Honestly, living in Florida, I’m surprised I didn’t run into a photographable roach sooner. You are, at this moment, eye to eye with the nymph of a Surinam cockroach, Pycnoscelus surinamensis. She’s adorable, isn’t she? When she’s an adult, she’ll be about 18-25mm long (almost an inch) — right now, she’s about 8mm long.
Surinam roach nymphs are a uniform chocolate brown, with a shiny front half and a matte back half. Adults are winged, olive-green to brown, with a black head and a pale leading edge on the pronotum (first segment behind the head). I love the legs on this girl — her little feet are like trees!
We know she’s a “she” because all Surinam roaches in the US are female; they forgot to bring a male over with them when they spread here, and they reproduce by parthenogenesis, creating little clones of themselves. Only one percent of known animal species reproduce this way! Some other cockroach species can reproduce this way, but only if they have to — P. surinamensis, in the US, is one of a very, very few species that have to reproduce this way. (In some of its original populations in Asia, there are still both males and females.) Males are occasionally born in the female clone populations that migrated to places like the US and Australia, but they are nonfunctional.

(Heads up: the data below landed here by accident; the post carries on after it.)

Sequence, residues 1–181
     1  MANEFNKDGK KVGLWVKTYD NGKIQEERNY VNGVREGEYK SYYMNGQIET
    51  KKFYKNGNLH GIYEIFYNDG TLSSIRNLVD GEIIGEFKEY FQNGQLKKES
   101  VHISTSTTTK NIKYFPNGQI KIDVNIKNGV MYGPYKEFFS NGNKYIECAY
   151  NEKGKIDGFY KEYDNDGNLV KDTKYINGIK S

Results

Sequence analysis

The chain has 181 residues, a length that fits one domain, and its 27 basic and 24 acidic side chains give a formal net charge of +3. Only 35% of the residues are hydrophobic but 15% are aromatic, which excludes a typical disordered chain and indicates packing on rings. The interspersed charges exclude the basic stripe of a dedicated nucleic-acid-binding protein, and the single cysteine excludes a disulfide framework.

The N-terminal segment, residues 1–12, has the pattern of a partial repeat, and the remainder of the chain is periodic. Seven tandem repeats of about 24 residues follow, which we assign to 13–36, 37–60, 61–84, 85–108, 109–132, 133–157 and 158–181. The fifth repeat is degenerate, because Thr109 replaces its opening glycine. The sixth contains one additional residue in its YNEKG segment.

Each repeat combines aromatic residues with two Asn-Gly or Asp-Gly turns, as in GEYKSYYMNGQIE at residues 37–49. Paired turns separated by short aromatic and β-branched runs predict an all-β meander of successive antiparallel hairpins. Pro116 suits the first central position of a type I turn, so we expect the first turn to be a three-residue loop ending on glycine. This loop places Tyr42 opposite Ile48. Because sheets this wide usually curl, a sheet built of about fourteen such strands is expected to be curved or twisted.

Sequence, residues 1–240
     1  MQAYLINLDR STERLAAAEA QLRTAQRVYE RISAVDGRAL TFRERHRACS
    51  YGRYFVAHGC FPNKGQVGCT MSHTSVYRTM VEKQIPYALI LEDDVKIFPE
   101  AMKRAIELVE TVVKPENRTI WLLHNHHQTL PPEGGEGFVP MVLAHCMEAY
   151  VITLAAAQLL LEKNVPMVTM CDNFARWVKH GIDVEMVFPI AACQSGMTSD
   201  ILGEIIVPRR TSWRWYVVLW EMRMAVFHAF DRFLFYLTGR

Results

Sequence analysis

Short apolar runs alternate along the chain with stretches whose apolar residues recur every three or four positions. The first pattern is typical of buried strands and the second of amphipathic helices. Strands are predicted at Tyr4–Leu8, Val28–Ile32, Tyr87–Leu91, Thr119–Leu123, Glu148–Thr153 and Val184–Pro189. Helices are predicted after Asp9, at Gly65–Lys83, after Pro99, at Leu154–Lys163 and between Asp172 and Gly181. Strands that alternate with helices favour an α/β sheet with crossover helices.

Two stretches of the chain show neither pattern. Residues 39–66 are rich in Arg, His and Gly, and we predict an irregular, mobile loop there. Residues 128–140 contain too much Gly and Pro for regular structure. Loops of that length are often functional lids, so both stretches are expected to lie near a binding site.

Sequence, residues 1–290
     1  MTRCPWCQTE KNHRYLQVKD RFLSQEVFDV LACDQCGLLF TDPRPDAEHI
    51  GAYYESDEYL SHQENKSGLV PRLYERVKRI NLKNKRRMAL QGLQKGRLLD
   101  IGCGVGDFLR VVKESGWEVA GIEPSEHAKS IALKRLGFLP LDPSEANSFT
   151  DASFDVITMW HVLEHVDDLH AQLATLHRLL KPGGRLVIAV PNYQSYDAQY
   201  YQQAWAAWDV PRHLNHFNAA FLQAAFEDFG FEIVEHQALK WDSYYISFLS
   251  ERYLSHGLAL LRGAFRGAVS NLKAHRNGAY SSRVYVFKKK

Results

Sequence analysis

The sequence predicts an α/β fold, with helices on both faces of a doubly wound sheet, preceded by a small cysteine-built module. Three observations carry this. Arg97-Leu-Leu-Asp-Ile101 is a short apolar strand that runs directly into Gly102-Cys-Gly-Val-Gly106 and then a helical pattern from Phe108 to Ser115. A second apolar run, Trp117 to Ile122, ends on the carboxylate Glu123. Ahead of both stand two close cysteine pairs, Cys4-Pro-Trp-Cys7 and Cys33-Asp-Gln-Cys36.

These roaches also bear live young — or, at least, they carry their eggs internally (as a crazy “egg block” called an ootheca) until after they’ve hatched.
Surinam roaches burrow in loose soil, or hide beneath rocks or plant debris. They do sometimes live near human construction, but not necessarily in it if they can avoid it. (Despite my fear of having my house overrun, I did let this patient young lady go. It’s only a fair trade for posing for photos.)